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No news is good news.

November 15, 2009

On the first day of class in September, the 15(ish) of us sat nervously in Journalism Basics as we awaited the arrival of our professor. After sitting in wait for about 5 minutes, our teacher rushed in and sat down.

"You have exactly 30 minutes to go out, find a news story, and write the beginning of your article," Professor Protzman said.

So, we all set out on an adventure in journalism. I have written sports stories for the Review for a few years, but I've never had to do anything like this. As I wandered into Wilder Bowl, my mind started racing. How much news can there really be at 2:37pm on a Monday? So I had what I thought was a great idea--I approached two random first-years and asked them how their first days of classes as a college student were going. I envisioned a brilliant piece on nervous first-years' adventures in Obieland, complete with anecdotes and humorous quotes.

I learned quickly that 30 minutes does not allow for such a thing, and that my idea was anything but unique, and certainly not brilliant. Each of us had to read what we had written when the 30 minutes were up, and apparently at least 2 other people had my same "brilliant" idea. And I say "brilliant" because it is actually not a news story. The main lesson we took away from that day was the difference between a news story and a feature story--the difference being that with a news story, something has to actually happen. Unfortunately for me (and most of my classmates), who wrote about concepts rather than an actual event, we did not write news stories. Seeing as I want to go to journalism school next year, I felt like I had failed. But fortunately for me, we got another shot.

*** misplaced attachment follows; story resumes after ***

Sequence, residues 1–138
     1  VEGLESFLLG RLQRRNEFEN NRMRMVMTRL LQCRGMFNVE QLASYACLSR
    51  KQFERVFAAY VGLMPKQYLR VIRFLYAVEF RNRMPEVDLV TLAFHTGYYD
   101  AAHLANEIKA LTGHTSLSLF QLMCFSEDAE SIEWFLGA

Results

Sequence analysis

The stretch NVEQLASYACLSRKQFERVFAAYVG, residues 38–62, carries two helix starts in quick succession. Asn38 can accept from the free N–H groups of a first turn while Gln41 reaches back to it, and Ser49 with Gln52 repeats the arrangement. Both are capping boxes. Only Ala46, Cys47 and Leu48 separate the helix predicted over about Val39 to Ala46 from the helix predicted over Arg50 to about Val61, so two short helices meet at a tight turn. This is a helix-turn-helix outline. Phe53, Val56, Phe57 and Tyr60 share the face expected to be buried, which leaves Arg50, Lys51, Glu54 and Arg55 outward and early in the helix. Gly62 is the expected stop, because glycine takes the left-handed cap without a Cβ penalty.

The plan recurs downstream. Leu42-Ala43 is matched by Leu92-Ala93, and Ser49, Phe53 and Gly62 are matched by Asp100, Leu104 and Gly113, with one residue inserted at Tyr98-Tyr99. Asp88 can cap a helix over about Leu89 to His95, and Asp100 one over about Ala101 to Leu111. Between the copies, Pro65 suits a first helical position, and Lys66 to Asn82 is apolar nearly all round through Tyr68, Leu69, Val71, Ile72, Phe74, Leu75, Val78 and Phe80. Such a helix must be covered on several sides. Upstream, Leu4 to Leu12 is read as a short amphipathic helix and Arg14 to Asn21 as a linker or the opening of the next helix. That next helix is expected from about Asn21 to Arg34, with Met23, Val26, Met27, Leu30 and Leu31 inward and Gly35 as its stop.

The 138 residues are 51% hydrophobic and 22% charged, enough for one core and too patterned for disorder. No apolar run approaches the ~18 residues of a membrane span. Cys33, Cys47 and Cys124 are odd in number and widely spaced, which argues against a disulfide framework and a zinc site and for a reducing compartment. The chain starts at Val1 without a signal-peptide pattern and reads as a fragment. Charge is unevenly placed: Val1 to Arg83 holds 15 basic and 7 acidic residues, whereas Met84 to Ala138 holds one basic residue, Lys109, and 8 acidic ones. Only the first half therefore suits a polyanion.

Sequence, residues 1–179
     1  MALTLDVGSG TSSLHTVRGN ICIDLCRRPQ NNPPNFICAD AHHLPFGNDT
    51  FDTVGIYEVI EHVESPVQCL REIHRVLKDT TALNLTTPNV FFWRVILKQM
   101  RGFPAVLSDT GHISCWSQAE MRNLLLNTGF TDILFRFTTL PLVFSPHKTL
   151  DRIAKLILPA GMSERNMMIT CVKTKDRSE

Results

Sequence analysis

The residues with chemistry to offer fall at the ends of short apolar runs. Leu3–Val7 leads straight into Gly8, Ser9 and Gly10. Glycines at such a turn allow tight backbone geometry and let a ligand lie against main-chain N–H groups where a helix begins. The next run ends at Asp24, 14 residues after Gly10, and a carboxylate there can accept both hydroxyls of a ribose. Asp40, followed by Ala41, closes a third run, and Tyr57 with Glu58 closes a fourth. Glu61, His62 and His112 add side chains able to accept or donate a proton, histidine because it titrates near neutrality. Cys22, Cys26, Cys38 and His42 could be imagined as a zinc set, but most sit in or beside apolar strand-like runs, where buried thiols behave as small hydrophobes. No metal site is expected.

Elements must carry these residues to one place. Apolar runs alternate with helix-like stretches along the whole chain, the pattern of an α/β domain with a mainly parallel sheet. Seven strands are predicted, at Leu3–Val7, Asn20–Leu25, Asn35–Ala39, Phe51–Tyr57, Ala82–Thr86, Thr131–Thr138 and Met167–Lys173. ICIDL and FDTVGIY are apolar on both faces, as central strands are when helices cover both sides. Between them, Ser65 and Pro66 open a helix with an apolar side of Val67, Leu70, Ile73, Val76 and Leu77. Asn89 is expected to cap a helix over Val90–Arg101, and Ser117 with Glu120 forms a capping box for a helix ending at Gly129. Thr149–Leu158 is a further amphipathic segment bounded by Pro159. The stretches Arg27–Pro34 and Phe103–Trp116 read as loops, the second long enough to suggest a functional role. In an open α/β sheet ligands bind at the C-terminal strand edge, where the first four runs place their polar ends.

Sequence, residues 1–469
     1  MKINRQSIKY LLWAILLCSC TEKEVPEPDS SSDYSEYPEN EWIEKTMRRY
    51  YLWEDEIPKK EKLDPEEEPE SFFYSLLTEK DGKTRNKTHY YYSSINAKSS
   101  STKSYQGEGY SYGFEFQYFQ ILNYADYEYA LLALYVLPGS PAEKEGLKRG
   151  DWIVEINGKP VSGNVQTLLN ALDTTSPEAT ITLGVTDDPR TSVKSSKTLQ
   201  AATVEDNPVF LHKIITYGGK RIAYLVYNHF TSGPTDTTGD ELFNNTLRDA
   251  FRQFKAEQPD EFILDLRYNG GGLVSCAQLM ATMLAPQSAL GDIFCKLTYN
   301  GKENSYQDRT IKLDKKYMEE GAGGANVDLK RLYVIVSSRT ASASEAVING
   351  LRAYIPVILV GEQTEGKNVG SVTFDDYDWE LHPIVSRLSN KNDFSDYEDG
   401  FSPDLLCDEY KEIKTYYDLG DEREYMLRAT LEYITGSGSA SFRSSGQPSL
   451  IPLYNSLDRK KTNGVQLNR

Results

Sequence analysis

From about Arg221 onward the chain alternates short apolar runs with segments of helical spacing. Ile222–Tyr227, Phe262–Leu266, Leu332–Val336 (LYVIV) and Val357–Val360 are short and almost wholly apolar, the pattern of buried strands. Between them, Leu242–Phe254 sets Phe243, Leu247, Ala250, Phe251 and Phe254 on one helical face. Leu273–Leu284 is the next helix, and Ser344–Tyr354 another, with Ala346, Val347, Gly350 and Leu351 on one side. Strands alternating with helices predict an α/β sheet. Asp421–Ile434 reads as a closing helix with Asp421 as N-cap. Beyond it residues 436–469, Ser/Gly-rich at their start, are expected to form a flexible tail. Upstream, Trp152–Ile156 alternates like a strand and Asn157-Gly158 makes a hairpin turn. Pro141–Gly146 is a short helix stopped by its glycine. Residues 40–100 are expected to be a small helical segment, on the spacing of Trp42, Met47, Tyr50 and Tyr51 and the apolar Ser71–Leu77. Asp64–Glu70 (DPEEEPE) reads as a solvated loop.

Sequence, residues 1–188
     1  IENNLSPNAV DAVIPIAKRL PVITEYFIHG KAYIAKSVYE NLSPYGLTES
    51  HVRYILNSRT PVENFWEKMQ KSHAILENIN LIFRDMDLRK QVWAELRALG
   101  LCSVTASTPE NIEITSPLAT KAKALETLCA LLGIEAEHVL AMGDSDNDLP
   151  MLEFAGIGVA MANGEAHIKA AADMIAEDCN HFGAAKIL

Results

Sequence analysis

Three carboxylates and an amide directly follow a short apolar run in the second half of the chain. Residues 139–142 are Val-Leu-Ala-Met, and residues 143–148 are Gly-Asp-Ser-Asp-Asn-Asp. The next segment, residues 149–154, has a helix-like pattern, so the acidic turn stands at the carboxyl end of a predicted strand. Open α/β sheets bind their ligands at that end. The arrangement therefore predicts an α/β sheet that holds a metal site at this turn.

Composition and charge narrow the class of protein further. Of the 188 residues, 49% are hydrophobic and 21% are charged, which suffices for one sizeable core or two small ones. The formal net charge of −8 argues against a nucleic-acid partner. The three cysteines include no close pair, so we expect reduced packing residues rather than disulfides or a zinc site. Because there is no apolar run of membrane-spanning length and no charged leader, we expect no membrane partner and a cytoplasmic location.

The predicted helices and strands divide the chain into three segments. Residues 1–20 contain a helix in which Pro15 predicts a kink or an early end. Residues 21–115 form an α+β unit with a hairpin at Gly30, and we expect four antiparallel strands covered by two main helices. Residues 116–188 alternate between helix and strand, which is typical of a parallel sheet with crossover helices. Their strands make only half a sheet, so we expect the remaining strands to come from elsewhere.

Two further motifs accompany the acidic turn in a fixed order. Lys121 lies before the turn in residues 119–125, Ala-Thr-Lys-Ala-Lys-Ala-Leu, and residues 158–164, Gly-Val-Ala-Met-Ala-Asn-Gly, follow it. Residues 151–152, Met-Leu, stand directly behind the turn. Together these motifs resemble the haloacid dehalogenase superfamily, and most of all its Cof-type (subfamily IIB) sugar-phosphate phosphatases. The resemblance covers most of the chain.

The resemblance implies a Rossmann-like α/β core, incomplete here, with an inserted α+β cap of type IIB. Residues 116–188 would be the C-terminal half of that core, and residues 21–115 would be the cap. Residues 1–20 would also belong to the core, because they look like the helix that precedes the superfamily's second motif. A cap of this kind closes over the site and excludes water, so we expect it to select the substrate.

(Side note: My favorite story of the day was by one of my classmates who ran all the way to Beethoven's Bagels [a new bagel place downtown] and interviewed the owners. He came back to the classroom sweating and out of breath, with ice cream in hand to give to our professor. Talk about a man on a mission.)

Last Wednesday, about two months after our initial news hunt, our professor gave us the exact same assignment--find news and write about it in 30 minutes. This time, I was determined to find news, no matter what.

As I walked past Mudd, I secretly hoped I'd see someone fall and break their arm, or Dascomb going up in flames--that would surely help me write a killer news story (no pun intended). Unfortunately for me, I just saw the usual barefoot hipsters lying in the grass, being completely uneventful. So what did I do? I went to the mail room. Surely there must be something exhilarating going on there.

When I am determined to do something, I just do it (like Nike). So basically, I was going to find news in the mail room if it was the last thing I did, even if it meant instigating a fight or planting something in the walkway that would cause someone to trip. Luckily I didn't have to do any of that.

At the mail room desk, I witnessed a girl getting a package. What better story could there be than one about a girl getting a package? So, I quickly ran up to the girl (trying to be as least stalker-esque as possible) and asked her if I could interview her. She was surprisingly undisturbed by my creepiness and answered my questions without hesitation. Turns out she is currently in a research methods course and thought she could sneak away with an A without purchasing the textbook, but recently realized that was out of the question. So she swiftly ordered the book and it had arrived on this blessed occasion. However, as she opened the package in front of me, she realized that it might be the wrong edition. Sounds like a front page story if I ever heard one--New York Times, here I come! I can see it now: GIRL ORDERS WRONG EDITION OF TEXTBOOK, by Alicia Smith. Can you say Pulitzer Prize? I can. (Pull-it-ser Prize.)

So I returned to the classroom, organized all of my information, and wrote the article. It may not be earth-shattering news, but technically something did happen. This time, I received my teacher's approval of my news story. I felt like a real journalist.

I probably won't use my mail room story as a writing sample for my graduate school applications, but I will always remember it as one of my (hopefully) first of many adventures in investigative journalism.

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